Update: NYC Transportation Activism
Last week we talked about speed cameras being voted out of the city budget, which could be a major road block for Vision Zero, de Blasio’s ambitious campaign to end all traffic deaths in NYC. But what’s been most fascinating about the conflict, is seeing the ways in which New Yorkers have responded.
Tomorrow (4/9) Right of Way, a “direct action street justice group,” is taking their protest to the streets, staging a demonstration that will involve stenciling the outlines of 40 bodies on Grand St (Between Columbia and Lewis in the LES), the number of lives they believe will be lost as a result of the speed camera bill. The protest will point fingers directly at lawmakers in Albany, whom they hold ultimately accountable, using #killedbyalbany as a slogan, transposed over a logo of a bloody handprint.
On the other end of the spectrum, a group of about two dozen bikers visited the sites where fellow NYC cyclists were killed, holding make shift memorial services over white ghost bikes, lovingly adorned with flowers and photos.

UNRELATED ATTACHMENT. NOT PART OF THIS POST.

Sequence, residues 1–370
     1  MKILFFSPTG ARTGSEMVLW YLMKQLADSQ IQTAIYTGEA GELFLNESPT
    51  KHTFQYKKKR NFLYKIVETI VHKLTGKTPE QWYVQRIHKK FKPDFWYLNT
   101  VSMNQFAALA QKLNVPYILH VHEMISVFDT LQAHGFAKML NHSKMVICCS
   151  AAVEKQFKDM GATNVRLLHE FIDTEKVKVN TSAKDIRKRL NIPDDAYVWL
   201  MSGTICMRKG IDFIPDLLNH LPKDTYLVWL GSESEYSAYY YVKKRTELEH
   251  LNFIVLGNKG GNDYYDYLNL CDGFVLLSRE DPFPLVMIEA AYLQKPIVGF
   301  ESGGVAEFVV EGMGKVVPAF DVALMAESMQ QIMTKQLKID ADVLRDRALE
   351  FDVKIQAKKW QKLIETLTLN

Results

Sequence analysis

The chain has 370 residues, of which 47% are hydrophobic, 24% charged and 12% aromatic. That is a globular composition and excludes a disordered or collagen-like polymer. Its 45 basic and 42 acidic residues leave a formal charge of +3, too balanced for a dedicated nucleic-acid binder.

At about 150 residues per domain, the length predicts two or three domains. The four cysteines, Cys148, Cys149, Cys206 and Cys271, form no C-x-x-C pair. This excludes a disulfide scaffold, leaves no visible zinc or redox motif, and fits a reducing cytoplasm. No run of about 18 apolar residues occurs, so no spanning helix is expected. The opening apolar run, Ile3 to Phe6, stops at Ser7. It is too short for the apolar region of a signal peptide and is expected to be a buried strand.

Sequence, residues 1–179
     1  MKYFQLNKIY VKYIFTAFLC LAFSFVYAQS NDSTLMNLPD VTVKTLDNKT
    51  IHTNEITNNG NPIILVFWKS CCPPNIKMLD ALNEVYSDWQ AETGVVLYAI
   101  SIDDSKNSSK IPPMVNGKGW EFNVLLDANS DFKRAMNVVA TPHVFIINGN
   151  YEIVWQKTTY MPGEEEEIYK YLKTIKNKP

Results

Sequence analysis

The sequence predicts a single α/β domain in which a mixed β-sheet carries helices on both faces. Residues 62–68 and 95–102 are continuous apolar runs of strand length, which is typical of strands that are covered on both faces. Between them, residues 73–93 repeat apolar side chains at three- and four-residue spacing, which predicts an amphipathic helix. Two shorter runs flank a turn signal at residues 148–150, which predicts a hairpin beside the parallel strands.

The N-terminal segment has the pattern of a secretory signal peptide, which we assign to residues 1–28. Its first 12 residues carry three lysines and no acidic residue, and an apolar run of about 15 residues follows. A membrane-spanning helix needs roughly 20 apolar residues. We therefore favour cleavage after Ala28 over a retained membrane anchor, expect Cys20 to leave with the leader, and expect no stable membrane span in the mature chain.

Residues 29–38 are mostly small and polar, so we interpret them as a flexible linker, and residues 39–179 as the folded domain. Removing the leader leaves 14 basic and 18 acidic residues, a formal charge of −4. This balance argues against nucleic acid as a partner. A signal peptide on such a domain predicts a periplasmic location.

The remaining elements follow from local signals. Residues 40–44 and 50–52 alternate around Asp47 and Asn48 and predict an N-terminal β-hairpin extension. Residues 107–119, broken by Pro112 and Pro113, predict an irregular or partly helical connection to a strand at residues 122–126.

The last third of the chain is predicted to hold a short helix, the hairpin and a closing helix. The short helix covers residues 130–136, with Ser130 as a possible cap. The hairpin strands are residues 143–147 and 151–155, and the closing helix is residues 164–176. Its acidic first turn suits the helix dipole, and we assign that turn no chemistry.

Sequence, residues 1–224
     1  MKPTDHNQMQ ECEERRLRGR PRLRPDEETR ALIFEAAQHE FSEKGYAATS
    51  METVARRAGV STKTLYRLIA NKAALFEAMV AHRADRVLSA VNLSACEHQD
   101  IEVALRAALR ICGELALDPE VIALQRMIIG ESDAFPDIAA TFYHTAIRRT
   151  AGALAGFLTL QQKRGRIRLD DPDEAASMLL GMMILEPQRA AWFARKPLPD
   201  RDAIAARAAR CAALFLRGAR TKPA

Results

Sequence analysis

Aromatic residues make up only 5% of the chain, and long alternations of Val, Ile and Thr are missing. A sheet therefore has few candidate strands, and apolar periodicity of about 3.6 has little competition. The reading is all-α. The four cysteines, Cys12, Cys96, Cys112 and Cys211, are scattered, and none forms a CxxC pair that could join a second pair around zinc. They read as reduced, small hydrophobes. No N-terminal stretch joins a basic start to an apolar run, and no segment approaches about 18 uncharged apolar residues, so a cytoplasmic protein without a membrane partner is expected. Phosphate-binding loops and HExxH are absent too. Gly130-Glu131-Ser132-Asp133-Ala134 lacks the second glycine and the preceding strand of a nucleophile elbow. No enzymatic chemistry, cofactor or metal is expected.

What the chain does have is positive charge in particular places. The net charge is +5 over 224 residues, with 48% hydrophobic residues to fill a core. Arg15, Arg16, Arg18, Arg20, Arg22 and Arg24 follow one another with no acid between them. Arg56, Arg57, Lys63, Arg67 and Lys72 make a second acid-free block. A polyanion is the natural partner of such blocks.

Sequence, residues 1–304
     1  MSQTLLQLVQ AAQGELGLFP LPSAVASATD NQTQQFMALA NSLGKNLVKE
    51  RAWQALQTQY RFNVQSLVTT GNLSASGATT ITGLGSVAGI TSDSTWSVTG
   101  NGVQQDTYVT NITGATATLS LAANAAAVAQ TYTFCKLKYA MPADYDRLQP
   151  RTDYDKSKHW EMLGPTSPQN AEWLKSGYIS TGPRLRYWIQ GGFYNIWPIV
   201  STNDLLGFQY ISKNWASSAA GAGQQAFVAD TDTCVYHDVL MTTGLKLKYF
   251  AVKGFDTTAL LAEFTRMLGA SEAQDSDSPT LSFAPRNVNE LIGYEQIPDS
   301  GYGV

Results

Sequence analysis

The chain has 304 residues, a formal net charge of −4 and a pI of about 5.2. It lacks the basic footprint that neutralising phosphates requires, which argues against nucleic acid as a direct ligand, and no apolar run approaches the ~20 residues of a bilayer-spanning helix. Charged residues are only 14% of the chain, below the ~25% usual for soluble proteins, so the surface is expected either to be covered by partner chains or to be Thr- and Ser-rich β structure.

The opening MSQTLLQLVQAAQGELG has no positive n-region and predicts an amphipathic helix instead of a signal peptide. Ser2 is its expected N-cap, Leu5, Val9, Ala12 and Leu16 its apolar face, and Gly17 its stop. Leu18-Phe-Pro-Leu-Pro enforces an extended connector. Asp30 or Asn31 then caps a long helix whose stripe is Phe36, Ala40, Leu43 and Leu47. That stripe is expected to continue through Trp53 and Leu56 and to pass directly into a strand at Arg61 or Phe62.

One of the services was for Laura Rothfuss who was only 24 years old when she was hit by a cab while biking in East Harlem in June. Her parents came to the memorial and watched, as the group members held their bikes over their heads as a salute to the life of their daughter. The event was organized by BikeNYC.org, a division of Transportation Alternatives, and Ghostbikes.org.
Last year there were 286 traffic deaths in the city. So far this year there have been 56. WNYC’s brilliant project, Mean Streets, has tracked each of these 2014 incidents to illuminate the issue of street safety and shed light on its victims. Transportation Alternatives has also provided this opportunity to write your elected officials (the letter is automated, so it’s super easy), requesting a 20mph speed limit, which could save 133 lives.
So what is the best strategy to fighting traffic deaths? Protesting by showing the “blood on Albany lawmakers hands”? Honoring the dead? Or meticulously tracking the data? Will any of these methods stop drivers, passengers, pedestrians, and cyclists from dying every year?